• Mt. Massaemet is some 500 feet lower than West Mountain in Savoy, so its statistics can be helpful in predicting substantially less wind resource.

• The two Princeton, Massachusetts Mt. Wachusett wind turbines, now Constructed, are categorized as being in a “marginal” wind resource zone.

• A pixel-by-pixel assessment of the MassGIS 50-meter wind resource map for Mt. Massaemet shows the highest single pixel on that map averages only 14 mph. Once elevation, wind density, wind shear and industry standard downtime are calculated in, expected turbine efficiency is approximatelv 13.87 percent. It must be acknowledged, however, that the proposed 80-meter hub height for turbines on Mt. Massaemet could modestly increase that efficiency. It must also be acknowledged that the wind does not blow all of the time or even 50 percent of the time, as required to reach desired efficiency.

• Nearby Searsburg, VT turbines are averaging in the mid-teens to the low-20s in annual efficiency percentage. This corroborates the predicted Massaemet efficiency. There appears to be no readily available data for Brodie Mountain in Hancock, a publicly owned corporation. Most power companies guard actual production records.

• In England, using data taken from the Balancing Mechanism Reporting Service (BMRS) Web site and originating from the National Grid, a report finds that between November 2008-December 2010 on- and off-shore turbines operated below 20 percent of their capacity more than half the time, and below 10 percent for more than a third of the time.

• Wind turbines consume much of the electricity they produce, thus reducing proclaimed efficiency even more. Continuous heaters, pumps, multiple pitch, yaw and turning mechanisms, turning the blades every few hours to avoid blade warp when without wind and de-icing are some examples of turbine energy use.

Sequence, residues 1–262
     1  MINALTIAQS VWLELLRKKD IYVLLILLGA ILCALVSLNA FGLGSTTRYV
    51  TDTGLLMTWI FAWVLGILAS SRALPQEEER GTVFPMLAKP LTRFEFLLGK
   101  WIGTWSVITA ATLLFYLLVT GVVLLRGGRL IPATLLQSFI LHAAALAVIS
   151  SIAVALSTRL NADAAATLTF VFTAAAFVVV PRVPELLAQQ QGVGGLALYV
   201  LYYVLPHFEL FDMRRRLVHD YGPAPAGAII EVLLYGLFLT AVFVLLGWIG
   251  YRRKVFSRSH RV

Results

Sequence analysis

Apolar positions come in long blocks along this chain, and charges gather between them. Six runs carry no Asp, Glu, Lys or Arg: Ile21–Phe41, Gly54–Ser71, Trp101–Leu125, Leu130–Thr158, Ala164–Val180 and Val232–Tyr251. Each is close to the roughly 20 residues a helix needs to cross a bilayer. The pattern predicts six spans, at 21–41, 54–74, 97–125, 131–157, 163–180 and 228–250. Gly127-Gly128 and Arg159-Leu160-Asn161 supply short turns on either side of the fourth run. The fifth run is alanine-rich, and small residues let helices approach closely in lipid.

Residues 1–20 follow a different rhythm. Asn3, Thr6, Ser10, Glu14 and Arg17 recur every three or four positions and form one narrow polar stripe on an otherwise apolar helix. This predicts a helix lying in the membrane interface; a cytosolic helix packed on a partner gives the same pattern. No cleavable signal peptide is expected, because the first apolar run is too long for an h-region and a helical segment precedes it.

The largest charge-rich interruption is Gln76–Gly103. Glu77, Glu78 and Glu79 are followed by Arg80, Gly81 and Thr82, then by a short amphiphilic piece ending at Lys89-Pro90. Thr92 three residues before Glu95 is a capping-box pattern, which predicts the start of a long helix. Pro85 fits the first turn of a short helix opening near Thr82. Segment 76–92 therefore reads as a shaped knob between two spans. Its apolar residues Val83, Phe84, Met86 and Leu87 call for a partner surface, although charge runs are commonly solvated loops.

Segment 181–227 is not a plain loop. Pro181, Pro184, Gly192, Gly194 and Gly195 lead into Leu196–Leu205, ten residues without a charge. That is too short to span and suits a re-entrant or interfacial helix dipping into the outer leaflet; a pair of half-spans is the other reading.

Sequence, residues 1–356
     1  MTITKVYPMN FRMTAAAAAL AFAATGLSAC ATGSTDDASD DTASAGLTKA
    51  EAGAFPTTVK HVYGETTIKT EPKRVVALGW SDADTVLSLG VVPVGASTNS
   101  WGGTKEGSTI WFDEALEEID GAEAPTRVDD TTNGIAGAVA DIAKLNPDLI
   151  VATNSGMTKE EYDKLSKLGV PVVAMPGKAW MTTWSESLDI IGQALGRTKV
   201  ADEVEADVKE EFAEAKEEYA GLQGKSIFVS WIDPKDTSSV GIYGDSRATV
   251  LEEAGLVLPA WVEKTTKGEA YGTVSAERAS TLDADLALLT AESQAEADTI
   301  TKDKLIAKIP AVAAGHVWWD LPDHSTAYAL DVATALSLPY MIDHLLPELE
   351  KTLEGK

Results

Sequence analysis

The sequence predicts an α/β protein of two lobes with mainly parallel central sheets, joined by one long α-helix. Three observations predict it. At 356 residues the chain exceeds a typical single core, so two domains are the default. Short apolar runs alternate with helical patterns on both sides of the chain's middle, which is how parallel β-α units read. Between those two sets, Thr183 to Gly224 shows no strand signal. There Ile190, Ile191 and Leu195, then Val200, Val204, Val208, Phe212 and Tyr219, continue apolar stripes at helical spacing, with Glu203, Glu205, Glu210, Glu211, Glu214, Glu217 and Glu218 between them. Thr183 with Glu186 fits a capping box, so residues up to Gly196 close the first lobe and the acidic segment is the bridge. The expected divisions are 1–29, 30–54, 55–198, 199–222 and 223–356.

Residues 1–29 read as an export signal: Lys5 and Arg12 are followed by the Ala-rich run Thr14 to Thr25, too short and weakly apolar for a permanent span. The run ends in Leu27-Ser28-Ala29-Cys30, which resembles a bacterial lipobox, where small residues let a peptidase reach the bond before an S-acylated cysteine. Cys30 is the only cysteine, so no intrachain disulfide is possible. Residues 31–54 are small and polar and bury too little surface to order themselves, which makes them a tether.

• Dr. Ben Luce, a physicist who worked for 10 years with the Los Alamos National Laboratory and is now a professor at Lyndon State College, VT, was a recent speaker in the Shelburne Wind information series. He supports wind in the right location and was a co-sponsor of a Montana wind farm, but he believes that wind on New England ridges is “bad science.” He confirms that ridgeline wind turbines in New England make no economic, energy, technical or logical sense.


• The MassGIS wind map created by Pfister has been manipulated to look better than it is.

• There is ample international, national and local evidence to question the viability of the proposed Massaemet wind farm.

• The low prevailing wind speeds of western Massachusetts have and will continue to equate to very low turbine efficiency – massive change for little or no return.

• Some individuals, including Dr. Luce, who have ample experience with wind projects and are favorably inclined toward wind power, suggest that Mt.Massaemet and New England ridge-top wind is a bad idea.

• We need to ban on-shore industrial wind in MA and New England, as Dr Luce so succinctly recommends.

In light of the uncertainty, I humbly submit that Shelburne town officials should seek specific wind resource data that can refute or confirm Mr. Field’s public assertion that there is “plenty of wind on Massaemet.”

Before accepting the application for four turbines on Massaemet, a town-directed, yearlong study of the wind resource should be undertaken and funded by proponents of the application. The model state bylaw attached as part of the Massaemet application also recommends this duration of wind resource study.

To request sources of information mentioned in this article, please contact: Walter Cudnohufsky at Walt@wcala.com.

Walt Cudnohujsky is an Ashfield landscape architect and land/community planner.

Source:  By Walt Cudnohufsky, Shelburne Falls & West County News, 4 May 2012

This article is the work of the source indicated. Any opinions expressed in it are not necessarily those of National Wind Watch.

The copyright of this article resides with the author or publisher indicated. As part of its noncommercial educational effort to present the environmental, social, scientific, and economic issues of large-scale wind power development to a global audience seeking such information, National Wind Watch endeavors to observe “fair use” as provided for in section 107 of U.S. Copyright Law and similar “fair dealing” provisions of the copyright laws of other nations. Send requests to excerpt, general inquiries, and comments via e-mail.